Thank you very much for the quick response. Will revert soon after collecting necessary data and other information's as desired.I concur--this should be a completely separate thread as it really has little or nothing to do with the original post. And bhilal.bhatti should explain his TLA (Three-Letter Acronym).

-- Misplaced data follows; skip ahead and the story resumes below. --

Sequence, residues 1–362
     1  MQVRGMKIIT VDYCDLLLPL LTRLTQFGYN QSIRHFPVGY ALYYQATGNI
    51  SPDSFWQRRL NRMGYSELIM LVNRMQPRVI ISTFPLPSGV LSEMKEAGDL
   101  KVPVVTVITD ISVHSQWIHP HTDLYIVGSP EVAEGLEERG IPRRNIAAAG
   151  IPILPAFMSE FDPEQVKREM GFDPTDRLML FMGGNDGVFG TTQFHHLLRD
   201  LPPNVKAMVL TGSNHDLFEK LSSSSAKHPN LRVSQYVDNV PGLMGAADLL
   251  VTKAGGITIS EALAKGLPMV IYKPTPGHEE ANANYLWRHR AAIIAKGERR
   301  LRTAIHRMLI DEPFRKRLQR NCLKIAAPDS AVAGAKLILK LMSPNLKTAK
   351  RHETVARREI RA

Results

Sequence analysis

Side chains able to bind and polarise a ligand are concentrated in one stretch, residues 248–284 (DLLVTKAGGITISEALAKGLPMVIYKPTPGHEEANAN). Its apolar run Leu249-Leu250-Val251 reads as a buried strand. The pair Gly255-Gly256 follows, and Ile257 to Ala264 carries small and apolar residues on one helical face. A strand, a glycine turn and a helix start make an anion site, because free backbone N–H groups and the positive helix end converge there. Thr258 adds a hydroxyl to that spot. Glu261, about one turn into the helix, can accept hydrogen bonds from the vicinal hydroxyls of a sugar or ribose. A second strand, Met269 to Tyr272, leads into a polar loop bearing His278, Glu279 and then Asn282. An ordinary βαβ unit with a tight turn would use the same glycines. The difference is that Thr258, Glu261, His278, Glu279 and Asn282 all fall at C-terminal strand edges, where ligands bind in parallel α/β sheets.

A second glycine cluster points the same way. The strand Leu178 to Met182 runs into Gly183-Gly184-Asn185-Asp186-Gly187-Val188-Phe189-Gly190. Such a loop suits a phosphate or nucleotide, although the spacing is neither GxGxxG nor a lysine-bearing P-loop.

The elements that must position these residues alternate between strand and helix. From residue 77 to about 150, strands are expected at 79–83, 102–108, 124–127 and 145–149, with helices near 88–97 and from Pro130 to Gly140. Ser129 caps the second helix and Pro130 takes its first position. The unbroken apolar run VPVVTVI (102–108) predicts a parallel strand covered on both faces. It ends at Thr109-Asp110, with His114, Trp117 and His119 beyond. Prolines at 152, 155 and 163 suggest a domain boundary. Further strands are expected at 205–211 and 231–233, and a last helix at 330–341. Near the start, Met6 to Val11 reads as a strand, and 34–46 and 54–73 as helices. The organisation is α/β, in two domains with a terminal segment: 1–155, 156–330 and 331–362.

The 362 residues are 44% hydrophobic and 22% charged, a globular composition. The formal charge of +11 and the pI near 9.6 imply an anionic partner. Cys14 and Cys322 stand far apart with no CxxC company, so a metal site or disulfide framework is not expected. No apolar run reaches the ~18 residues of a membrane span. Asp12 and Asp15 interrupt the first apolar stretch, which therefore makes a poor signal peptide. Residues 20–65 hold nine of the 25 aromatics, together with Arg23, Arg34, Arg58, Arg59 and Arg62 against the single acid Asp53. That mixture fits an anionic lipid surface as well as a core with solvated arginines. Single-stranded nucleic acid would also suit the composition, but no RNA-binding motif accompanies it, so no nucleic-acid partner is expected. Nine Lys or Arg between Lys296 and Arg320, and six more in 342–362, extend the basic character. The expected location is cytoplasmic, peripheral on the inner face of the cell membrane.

That being said, I have seen this once. The shear strength of the coupling bolts was calculated incorrectly--or that's what the steam turbine-generator set packager said (actually, it wasn't probably calculated at all--the packager bought a steam turbine from one manufacturer, a generator from another manufacturer and a coupling from a third supplier). The coupling manufacturer said the bolts are designed to shear primarily based on torque-based calculations (but also includes other electrical phenomenon, PhilCorso) to protect the turbine and the generator from serious damage in the event of pole slippage or similar occurrence. The bolts that were supplied weren't the right bolts for that particular application. (The coupling bolts kept shearing when lightning strikes in the area caused utility breakers to open in an incorrect order and greatly increase the load on the steam turbine-generator at one small biomass plant.) The local utility had to get involved to develop a different breaker tripping scheme than the one which was put in place when the biomass was being built and tied to the utility because the load "throw-on" was definitely going to break even the proper coupling bolts. This problem took over a year-and-a-half to sort out. The PLC being used to control the steam turbine had been improperly programmed and was annunciating a misleading alarm from the AVR. Four sets of coupling bolts were sheared before involving the coupling manufacturer and the STG supplier to solve the problem and obtain the proper bolts for the application and getting the utility to review and revise their protection scheme in the event of a fault or lightning strike near the plant.